The first one’s called Right Flipping Now. The second one is Find the Flipping Deals. What I’m going to have come out here soon is folks are going to be able to get it free. All they have to do is pay for the shipping and handling and we’re going to get them sent out, but if they want to they could go on Amazon right now. It’s just not free.
We got comments, “There’s more security in my own efforts than a job.” Another one says “I find LinkedIn has more current information than some of the other sources. People seem to hop around a lot when working for banks.”
It’s such a great source because a lot of folks keep LinkedIn as their resume and they need to keep that information relevant so they’re going to continue to keep that information up to date, which I absolutely love.
Once you’re connected with the people too, you can export that connection to Excel spreadsheet.
That’s a huge thing right there in itself. You can export it. You could use a source like MailChimp which allows you to store up to 2,000 emails for free and send out 12,000 emails per month. It’s free. If you don’t have the resources to pay for it right off the bat and you want to see something come from it, it’s free.
Any other advice you’d like to give people out there?
I would just say continue to listen to Scott’s podcasts. He’s always delivering some amazing information. Every time I tune in and I’m able to see some of the guests that he has on and stuff that he’s discussing, this is great. Go to his seminars, take advantage of the education that he has. It’s top notch. There’s a certain place where you can get in this business. You could do it by yourself, which we know takes ten times as long or you can go at it with somebody like Scott or myself. It goes to show Scott has got tons of testimonials; I’ve got tons of testimonials. You could shorten the learning curve by quite a bit. That’s the only thing that I leave. If you want to get some place in this world and you want to not just go after your dreams but accomplish your dreams and make those dreams even larger, then you need to be networking with folks like Scott because he’s a wealth of knowledge.
One thing that I just want to say to folks is we do have a non-profit that we go and we help. We remodel folks’ homes that are suffering from disability. If anybody would like to help out with any donation, there is no donation too small, NoFlippingExcuses.org, that we have a donations page if folks want to do that. We were just on the local news here. We help to help the guys get hot water. We got them a furnace and we built them a brand new ramp because of the last one was pretty scary. We’re trying to do this to where we could do it several times throughout the year, so if folks want to do that, Scott, I would truly be happy about that. If they and do a $20 donation, I’ll send them a free copy of my book.
The more successful you get, the more you want to help people, especially those that can’t provide for themselves, those that do have genuine excuses of not being able to afford that stuff. That’s very important. I know we’ve donated hundreds of thousands of dollars to Fresh Start, which is a facial reconstruction company in San Diego for kids, and Habitat for Humanity and stuff like that over the years. Go to No Flipping Excuses, you’ll see the donate button there on the website. It’s a great cause. Jason, thank you for taking time in your busy schedule to join us.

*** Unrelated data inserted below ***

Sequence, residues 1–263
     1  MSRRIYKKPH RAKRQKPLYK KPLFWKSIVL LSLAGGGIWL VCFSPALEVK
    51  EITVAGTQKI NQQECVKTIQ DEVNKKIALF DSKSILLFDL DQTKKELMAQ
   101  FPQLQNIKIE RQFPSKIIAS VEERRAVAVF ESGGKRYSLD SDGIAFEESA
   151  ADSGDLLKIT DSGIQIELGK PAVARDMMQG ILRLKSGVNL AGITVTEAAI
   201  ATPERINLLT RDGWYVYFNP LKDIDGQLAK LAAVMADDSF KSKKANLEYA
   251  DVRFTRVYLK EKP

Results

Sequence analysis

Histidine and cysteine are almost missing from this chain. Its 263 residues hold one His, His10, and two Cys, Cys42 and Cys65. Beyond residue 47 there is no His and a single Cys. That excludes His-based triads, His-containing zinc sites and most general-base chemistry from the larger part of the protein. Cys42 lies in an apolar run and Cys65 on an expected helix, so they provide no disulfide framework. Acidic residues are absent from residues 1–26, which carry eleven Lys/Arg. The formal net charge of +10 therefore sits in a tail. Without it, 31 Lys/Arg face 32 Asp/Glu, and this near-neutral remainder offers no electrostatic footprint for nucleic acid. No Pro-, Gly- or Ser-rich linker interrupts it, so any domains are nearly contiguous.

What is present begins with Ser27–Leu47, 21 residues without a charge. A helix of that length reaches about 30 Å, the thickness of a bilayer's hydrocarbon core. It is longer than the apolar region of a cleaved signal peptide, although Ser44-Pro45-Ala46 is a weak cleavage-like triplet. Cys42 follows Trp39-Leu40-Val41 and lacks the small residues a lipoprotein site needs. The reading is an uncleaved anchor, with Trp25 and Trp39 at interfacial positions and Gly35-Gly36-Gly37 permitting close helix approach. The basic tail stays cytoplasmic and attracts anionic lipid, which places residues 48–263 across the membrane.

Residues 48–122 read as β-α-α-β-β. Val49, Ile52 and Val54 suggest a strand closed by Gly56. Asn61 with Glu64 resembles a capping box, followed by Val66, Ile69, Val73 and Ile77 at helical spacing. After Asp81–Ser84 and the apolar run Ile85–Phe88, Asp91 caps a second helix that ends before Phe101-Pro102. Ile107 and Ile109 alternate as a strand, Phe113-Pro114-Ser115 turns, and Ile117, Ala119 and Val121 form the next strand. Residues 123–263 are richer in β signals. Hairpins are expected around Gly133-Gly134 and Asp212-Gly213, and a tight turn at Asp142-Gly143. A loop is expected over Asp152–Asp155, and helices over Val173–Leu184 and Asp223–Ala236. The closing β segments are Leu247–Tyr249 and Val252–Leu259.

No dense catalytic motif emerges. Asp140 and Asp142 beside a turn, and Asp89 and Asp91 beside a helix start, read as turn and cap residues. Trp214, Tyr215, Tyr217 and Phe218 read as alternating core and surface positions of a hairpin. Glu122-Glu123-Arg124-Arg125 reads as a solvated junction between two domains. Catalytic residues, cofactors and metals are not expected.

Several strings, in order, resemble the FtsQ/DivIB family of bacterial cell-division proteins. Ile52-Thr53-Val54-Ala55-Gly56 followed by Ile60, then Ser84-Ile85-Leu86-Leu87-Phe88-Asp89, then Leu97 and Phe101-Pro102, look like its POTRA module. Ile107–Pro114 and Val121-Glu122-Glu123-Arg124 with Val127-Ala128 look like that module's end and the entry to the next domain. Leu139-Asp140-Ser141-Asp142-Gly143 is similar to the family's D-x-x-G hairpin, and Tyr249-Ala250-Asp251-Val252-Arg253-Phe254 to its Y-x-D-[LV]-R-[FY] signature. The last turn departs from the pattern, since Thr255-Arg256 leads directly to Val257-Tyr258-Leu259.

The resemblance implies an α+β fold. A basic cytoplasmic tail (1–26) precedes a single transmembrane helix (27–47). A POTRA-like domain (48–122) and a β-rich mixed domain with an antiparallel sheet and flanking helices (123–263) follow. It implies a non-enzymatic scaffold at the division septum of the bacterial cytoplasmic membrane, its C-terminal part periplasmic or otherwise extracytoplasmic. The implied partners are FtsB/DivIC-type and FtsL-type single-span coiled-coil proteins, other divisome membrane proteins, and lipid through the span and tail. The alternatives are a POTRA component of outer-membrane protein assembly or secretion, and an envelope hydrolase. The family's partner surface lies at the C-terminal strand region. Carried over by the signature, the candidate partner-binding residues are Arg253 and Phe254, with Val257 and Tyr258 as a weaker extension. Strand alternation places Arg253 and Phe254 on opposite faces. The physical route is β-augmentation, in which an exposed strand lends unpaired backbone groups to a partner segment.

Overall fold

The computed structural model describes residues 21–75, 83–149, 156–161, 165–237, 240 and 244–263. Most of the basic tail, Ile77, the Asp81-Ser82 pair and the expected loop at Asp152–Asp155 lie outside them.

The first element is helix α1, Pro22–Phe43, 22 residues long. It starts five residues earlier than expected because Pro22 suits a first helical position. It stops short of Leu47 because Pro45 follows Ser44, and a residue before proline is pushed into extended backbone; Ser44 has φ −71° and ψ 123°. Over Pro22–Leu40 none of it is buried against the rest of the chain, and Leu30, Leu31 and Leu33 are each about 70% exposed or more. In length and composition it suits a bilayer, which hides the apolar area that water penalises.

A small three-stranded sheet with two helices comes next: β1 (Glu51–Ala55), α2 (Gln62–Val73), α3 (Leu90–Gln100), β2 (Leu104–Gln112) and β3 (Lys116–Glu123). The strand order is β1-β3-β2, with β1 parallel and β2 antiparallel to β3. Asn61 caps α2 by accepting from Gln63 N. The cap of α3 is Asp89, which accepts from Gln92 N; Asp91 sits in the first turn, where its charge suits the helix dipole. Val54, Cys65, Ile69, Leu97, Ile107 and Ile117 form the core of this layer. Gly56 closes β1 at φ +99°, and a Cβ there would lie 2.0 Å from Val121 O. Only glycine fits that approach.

I appreciate you having me on as a guest. You’re truly doing some great things out there.
Take care. Stay warm up there in the Hoosier State. Who’d you pick to win the championship? I know you’re a basketball fan.
With all these upsets, my team is still in there and I’m not a fan of this team by any way, but I chose Purdue. I chose them. I like all the senior leadership. Their big guy is down though, but I heard their engineering something for his elbow.
The mechanical engineers are going to put something in because the guy was shooting around before game time but his replacement had a great game too. My bracket, I picked Arizona to go all the way and then Michigan State as well, and of course they’re out.
This was the craziest year ever for March Madness and that’s why it’s March Madness. We never know though. I love Kentucky. We’ll see what they can do. With everything opening up the way it is, they might go somewhere, but I’m not going to say anything. I don’t want to jinx them.
I think a lot of people can derive a lot of great stuff from the tournament where the small guys are beating the big guys. You look at what Buffalo did to Arizona. Buffalo knew when they walked on that floor, they were going to be the Arizona. UMBC beating Virginia, it’s the same thing. We as entrepreneurs out there, I don’t care if you’re starting off and you’re a one-man show, you have the same tools, the Facebooks, the LinkedIn’s that these big companies do, you can carve out your piece of history or your own dreams by doing what you need to do.
I agree with you 100%. I never thought I would see a true number one seed get taken out by a number sixteen seed, but again, what it boils down to is what you’re thinking up here.
As long as you have no flipping excuses, you go and make some things happen, right?
That’s right. No flipping excuses.
Check him out, NoFlippingExcuses.org. I love what you’re doing. Keep it up. We’ll definitely be in touch and talk some more.
Thank you for joining us. Check out NoFlippingExcuses.org. Make a $20 donation and Jason will send you a copy of his book there as well, Find the Flipping Deals, go out and make it happen. Otherwise, we’ll see you all at the top.
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About Jason Lucchesi
Jason Lucchesi is the founder of No Flipping Excuses. He’s been a full-time real estate investor since 2002 and has been part of $225,000,000 in closed real estate transactions. Jason is a #1 Best Selling author and host of hit iTunes podcast The No Flipping Excuses Show.